Herman Park Center will just get repairs; W.A. Foster will be rebuilt at new site
By Matt Caulder
Published in News on July 20, 2014 1:50 AM
Wayne Thornton, installer with Jackson & Sons, guides the old HVAC unit off of the roof of the Herman Park Center before putting a new unit in its place. The installers used a crane to lower the old unit and lift up the new ones.
The city is moving forward, as promised with the new W.A. Foster Center.
The new W.A. Foster Recreation Center will be built in the coming months.
A city soccer field complex, too.
But after the failure of the May $18.9 million Parks and Recreation bond referendum, Herman Park Center renovations are on hold, and for now, repairs are the only work that will be done on the park's community center.
The bond passage would have resulted in a 2.4 cents increase in the city's property tax rate of 65 cents per $100 property valuation.
The proceeds from the sale of the bonds would have paid for renovations to Herman Park and Herman Park Center, the construction of a new W.A. Foster Recreation Center in Mina Weil Park, a multi-sports complex and funding to pave greenways in the city.
If the bond had passed, the city would be looking at a three- to five-year time frame to begin overhauling the center to add a basketball gym and a walking track as well as improving other activity spaces.
Goldsboro City Manager Scott Stevens said that time frame has been extended to 20 to 25 years -- and that the work will now be done piecemeal as the city's budget allows.
And for now, that means maintaining what the city has now.
"Maintenance will continue as it always has," Stevens said. "We will replace things when they break, budgeting maintenance funds and moving forward."
On Monday, two failed HVAC units, each nearly 20 years old, were replaced with new units to cool the Gray Room at the center.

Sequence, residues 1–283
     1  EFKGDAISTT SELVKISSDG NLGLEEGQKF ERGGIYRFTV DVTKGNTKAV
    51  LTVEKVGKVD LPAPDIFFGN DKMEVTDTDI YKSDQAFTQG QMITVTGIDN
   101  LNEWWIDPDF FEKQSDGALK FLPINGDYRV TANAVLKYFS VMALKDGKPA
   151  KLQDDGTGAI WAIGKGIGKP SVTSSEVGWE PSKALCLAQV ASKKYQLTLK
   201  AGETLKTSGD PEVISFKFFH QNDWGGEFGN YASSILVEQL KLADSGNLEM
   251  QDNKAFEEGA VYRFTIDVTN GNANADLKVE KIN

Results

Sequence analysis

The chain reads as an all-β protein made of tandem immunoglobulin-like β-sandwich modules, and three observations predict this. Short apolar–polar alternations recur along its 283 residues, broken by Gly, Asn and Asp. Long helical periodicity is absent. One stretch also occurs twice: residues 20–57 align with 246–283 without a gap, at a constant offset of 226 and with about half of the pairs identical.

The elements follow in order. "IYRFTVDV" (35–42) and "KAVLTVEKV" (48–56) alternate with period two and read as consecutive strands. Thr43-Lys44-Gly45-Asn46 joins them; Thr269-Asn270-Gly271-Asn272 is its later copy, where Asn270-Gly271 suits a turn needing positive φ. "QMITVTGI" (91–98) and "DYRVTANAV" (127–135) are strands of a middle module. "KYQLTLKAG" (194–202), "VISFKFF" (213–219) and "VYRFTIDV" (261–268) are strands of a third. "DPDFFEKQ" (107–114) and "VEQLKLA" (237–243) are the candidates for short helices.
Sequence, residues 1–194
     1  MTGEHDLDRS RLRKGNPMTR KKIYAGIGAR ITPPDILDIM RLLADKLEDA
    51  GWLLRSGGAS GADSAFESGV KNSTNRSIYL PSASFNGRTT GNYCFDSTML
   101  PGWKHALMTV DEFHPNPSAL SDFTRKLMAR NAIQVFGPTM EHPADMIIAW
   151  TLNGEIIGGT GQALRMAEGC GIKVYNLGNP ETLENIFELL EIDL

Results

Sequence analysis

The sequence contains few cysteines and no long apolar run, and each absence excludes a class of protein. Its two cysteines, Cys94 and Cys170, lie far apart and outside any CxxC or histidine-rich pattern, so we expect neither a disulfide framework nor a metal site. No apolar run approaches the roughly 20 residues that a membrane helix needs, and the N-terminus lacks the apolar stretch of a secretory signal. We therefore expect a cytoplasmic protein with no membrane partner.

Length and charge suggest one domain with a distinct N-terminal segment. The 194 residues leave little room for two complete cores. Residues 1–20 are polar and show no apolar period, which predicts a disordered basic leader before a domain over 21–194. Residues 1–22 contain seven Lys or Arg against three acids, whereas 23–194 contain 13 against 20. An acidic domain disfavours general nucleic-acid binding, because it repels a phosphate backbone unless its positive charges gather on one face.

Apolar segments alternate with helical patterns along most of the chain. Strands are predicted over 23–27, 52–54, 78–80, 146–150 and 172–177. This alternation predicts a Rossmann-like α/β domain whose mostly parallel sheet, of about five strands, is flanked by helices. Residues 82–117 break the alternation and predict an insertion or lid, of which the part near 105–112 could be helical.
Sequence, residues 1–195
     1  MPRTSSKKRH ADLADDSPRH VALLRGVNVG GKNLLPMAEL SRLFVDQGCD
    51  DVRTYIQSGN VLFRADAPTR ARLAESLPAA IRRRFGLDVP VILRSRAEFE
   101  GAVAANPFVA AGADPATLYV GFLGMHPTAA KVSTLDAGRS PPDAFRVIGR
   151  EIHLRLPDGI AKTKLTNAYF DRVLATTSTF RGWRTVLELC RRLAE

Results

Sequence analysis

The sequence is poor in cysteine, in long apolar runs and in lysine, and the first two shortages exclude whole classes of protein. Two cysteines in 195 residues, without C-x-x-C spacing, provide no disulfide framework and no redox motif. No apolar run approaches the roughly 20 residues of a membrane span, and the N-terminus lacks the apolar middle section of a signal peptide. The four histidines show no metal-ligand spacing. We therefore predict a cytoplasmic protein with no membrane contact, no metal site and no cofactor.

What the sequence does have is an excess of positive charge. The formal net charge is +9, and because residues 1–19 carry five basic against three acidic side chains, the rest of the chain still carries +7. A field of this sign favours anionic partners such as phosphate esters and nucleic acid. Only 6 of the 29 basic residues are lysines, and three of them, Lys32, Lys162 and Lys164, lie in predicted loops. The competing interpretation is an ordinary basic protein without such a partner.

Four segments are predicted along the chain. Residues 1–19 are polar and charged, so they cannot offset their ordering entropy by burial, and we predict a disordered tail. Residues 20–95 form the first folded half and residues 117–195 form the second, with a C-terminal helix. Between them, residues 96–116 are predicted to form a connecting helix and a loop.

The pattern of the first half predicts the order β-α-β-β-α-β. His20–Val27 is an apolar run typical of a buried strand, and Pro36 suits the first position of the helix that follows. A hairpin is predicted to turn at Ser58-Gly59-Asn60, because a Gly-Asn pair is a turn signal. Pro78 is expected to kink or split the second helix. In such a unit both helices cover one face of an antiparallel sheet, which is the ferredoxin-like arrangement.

Funds pulled from a Parks and Recreation line item paid for the two $9,000 units.
The building's membrane roof also has a leak that is letting rainwater pour into the Gray Room at the center.
The fix could require finding a spot where the caulk has pulled away leaving a gap or replacing the entire roof because of a tiny puncture to the membrane.
The city Public Works Department is currently looking at purchasing the necessary equipment to install membrane roofs in-house as well as training personnel to use the sprayers to do the work, Public Works Director Jose Martinez said.
Goldsboro Parks and Recreation Director Scott Barnard relates the repairs to Herman Park Center to additional payments on an already-paid-for building.
"Here we are ready to essentially make payments but not get a lot for our return," he said. "In 20 years, we're (still) going to have this."
In the meantime, city leaders have not discussed what to do next with regard to the city's parks and recreation needs.
A mistake in the wording of the May referendum would have forced a revote anyway -- even if the measure had passed.
Now, the city is left with a decision -- try the bond again or move forward with the money that is available and repair and rebuild as those dollars allow.
Goldsboro City Councilman Chuck Allen said he would not be opposed to holding another bond referendum for Herman Park Center combined with some other projects such as street paving or greenways in the future.
"We have not talked about it officially but there may be some other time we do a bond referendum," Allen said. "We could do Herman Park (Center) and do some asphalt paving, but we have not officially talked about it."
Allen said without a new bond vote, it will be three to five years before renovating the center can be discussed again.
For now, he said, the city will concentrate instead on the W.A. Foster Center. Renovations on that building will continue as planned.
"Herman Park Center is a piece of junk. It needs updating," Allen said. "It needs to be re-worked or re-built, but it was a lesser priority. It wasn't in as bad of shape as W.A. Foster."
To up-fit the center would be a $6 million need that Allen said he does not see in the budget anytime soon.
"I don't know any way of funding it right now," he said. "For three to five years, I don't know."
The city is set to begin interviewing firms to make plans for the new W.A. Foster in the coming weeks.
The new building will be larger, allowing adults and children to stay in the center at the same time instead of making adults leave after school hours.
The new building would have a wing for both age groups.
The debt service on the center would be paid mostly through the General Fund, with $2.5 million of the cost coming through Community Development funds.
The city plans to construct a dedicated entrance to the park from John Street to increase access to the facilities.
Allen also said that the city's planned soccer complex will pay for itself through tourism dollars.